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It is a tragedy we relive every day in this country. A child—a 17-year-old boy—murdered the police. We know the ending by now; the family morns their son, a life ended far too early, while the cop is excused and honored for his “service,” all while vilifying the dead and claiming they acted in self-defense. But we are sick of this ending, and we finally have the chance to decide that the shooter is the guilty party.

The Chicago Tribune recently released an interview with Chicago Police Officer Jason Van Dyke, who is awaiting trial for the murder of Laquan McDonald, who was another Chicago child to be taken by the hands of an irrational cop. Despite Van Dyke being the first Chicago police officer in decades to be charged with murder for an “on-duty shooting,” the article paints him in a victim’s light.

Van Dyke does not deserve this treatment. Laquan McDonald does.

The events of Oct. 20, 2014 are inexcusable. For Van Dyke and other officers on the scene, McDonald, a 17-year-old with a 4-inch knife, posed a threat to three heavily-armed, adults. According to them, he was lunging with the knife at Van Dyke, attempting to “kill” him. However, in the footage of the shooting McDonald is cornered by three police cars, and while he does pull out his knife, it is clear that he is moving away from the police. There is no lunging, no attacks, nothing.

It only takes Van Dyke 15 seconds to end McDonald’s life. The child fell to the ground after the first bullet, but Van Dyke continued to shoot him 15 more times as he was lying on the pavement. In this case, who is the threat?

Van Dyke and his lawyers state that (at the time) the 37-year-old trained police officer was “in fear for his life.” Yet, it’s puzzling that a man so much older, with a gun and three other officers around him would be scared of a child.

Van Dyke’s interview paints him this way. He is the regretful, scared, and hurting father of two who “prays every day” for McDonald’s family. In the article he is a humble American doing his duty to protect the people of Chicago. However, this does not erase his character on that night.

This faded portrayal of Van Dyke is not all that the interview fails to address. Instead, we’ll list what they omitted here, as well as propose a larger dialogue for the nation.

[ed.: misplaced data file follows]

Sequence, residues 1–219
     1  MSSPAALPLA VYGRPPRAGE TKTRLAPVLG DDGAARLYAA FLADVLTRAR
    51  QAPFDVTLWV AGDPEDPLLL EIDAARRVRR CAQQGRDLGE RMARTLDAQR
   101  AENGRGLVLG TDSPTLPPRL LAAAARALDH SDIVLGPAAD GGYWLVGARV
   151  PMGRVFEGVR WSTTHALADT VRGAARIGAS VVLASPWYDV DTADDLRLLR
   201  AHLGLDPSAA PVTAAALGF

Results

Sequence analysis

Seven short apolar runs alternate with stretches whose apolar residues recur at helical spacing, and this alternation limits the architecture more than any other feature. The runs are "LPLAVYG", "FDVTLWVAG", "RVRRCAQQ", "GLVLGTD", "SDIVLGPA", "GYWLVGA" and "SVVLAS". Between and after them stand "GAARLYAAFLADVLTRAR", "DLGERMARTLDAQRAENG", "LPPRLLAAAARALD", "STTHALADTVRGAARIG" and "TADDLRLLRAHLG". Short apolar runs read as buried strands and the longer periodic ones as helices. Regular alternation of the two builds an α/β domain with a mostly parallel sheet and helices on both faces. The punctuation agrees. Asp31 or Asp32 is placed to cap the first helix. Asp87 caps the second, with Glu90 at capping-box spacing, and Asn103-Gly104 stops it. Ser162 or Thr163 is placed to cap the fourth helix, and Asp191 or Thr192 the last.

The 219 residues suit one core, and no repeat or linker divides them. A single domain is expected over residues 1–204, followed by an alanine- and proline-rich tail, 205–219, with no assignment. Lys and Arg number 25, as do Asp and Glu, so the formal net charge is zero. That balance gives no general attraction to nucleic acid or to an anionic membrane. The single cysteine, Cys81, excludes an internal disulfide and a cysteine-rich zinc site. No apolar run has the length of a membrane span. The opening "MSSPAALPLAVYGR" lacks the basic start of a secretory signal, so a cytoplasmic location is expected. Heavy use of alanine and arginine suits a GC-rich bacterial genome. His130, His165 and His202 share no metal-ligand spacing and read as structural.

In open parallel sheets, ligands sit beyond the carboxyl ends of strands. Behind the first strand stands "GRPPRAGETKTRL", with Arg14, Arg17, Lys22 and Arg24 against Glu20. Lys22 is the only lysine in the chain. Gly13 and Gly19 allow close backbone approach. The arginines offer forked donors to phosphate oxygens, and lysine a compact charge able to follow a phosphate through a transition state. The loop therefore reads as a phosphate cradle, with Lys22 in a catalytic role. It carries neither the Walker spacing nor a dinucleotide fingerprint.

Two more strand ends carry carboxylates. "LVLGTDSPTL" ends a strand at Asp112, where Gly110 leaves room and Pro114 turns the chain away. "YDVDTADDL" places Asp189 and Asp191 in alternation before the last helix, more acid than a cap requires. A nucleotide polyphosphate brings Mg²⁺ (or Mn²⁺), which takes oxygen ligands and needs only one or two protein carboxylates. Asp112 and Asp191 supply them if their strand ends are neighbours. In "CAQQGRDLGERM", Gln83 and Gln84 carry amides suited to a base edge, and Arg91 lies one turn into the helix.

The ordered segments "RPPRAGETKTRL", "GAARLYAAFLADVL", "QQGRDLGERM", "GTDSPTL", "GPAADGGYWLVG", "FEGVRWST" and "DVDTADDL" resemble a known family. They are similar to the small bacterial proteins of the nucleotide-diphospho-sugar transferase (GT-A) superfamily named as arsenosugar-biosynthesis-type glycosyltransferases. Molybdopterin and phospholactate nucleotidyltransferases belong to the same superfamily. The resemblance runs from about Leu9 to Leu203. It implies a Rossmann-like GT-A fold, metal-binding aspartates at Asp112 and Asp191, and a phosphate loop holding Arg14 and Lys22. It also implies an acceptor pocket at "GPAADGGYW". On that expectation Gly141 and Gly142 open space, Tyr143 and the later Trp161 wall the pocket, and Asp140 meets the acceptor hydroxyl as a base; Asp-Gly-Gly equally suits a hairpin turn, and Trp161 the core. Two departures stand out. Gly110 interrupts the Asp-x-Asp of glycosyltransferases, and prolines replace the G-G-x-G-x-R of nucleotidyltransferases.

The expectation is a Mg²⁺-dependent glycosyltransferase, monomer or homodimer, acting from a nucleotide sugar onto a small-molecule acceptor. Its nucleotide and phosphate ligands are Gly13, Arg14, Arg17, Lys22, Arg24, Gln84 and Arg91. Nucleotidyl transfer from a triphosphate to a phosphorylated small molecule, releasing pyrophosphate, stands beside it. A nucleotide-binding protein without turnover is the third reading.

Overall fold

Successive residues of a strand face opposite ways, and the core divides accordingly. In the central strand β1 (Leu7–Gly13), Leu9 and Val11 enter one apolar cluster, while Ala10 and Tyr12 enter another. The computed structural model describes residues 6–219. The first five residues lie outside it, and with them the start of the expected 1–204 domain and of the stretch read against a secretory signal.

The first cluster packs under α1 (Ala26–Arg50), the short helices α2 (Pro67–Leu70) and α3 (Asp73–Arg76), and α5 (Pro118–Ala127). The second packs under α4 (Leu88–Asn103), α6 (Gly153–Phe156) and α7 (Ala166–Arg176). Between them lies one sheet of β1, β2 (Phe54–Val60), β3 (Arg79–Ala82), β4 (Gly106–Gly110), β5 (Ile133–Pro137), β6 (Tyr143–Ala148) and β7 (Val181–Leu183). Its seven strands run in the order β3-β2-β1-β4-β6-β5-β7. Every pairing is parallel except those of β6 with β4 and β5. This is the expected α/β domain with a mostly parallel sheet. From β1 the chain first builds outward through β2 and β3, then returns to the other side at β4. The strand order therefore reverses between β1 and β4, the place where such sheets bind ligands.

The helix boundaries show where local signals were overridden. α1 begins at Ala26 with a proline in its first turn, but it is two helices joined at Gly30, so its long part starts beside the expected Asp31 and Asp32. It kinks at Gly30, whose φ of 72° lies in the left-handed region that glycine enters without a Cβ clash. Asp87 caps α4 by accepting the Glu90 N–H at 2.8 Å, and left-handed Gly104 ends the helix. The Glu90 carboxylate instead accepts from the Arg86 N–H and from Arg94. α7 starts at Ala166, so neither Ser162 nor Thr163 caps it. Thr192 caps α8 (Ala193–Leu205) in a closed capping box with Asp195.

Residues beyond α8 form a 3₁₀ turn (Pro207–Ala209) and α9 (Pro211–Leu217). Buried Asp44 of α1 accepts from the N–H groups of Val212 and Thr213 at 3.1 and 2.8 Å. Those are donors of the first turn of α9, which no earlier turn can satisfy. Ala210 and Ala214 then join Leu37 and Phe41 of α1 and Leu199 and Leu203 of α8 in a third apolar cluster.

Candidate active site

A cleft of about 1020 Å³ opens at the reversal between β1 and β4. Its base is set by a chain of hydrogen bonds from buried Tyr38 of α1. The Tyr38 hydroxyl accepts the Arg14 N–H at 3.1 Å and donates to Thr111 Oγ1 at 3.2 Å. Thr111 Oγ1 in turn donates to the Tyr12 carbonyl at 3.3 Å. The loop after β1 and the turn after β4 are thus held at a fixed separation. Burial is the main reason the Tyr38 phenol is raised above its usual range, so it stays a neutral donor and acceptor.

In the interview Van Dyke states that “any loss of life is extremely difficult” and that no officer ever wants to “shoot their gun.” These sentiments are followed by his explanation that before the shooting he was clouded by his emotions and the adrenaline of the situation.

Yes, Van Dyke is human and yes, humans act irrationally. But he is an officer of the law, and no officer should be put in the field if they cannot rationally focus with these emotions clouding their judgment. However, since these officers are human beings and they do act on misguided instincts, then why should they be so heavily armed? If we cannot trust them to work in high-pressure situations, then spare the lives of future children and teach them to use a Taser instead of a gun.

Next is Van Dyke’s claim that “anyone who knows me… knows that I’m not a racist” is muddled. By now it is clear that everyone has some kind of racial bias because of our racist upbringings as a nation. While it can be true that Van Dyke is not a racist, it can also be true that Van Dyke would have treated the situation differently had McDonald been a white teenager with a knife rather than a black one.

Also, it is important to note that according to Van Dyke’s personnel file, the officer had been accused of using racial slurs on two separate occasions.

Finally, the Tribune notes that Illinois law, “police officers can use any force necessary to ‘defend (themselves) or another from bodily harm’.” This law protects Van Dyke and other officers who use the phrase “self-defense” to excuse the use of excessive force. This is to say that there is an issue much bigger than Van Dyke, and it is our laws. In combination with many other changes, we as a people also need to address the legal leeway that police officers are given in this country.

This response is not meant to demonize all police officers. Those who pledge to protect every single individual and put themselves in danger should not be tainted by this image. This response is also not meant to minimize the pain that Van Dyke has said that he feels daily, nor the regret that he should live with.

This response is meant to put this tragedy in context; a grown, trained police officer shot a child. That act should forever be unforgivable and inexcusable. Van Dyke and all other officers who act out of irrational fear should not be given the benefit of the doubt. Van Dyke murdered McDonald, and his actions should have consequences.

As Patricia Brown Holmes, the special prosecutor on the case, said, “While they are sworn to serve and protect, as well as uphold the law, they are not above the law.” As citizens and members of the media we must place value in these words in the hopes that they will prove true.


The views expressed in this article are the author’s own and do not necessarily reflect Chicago Monitor’s editorial policy.


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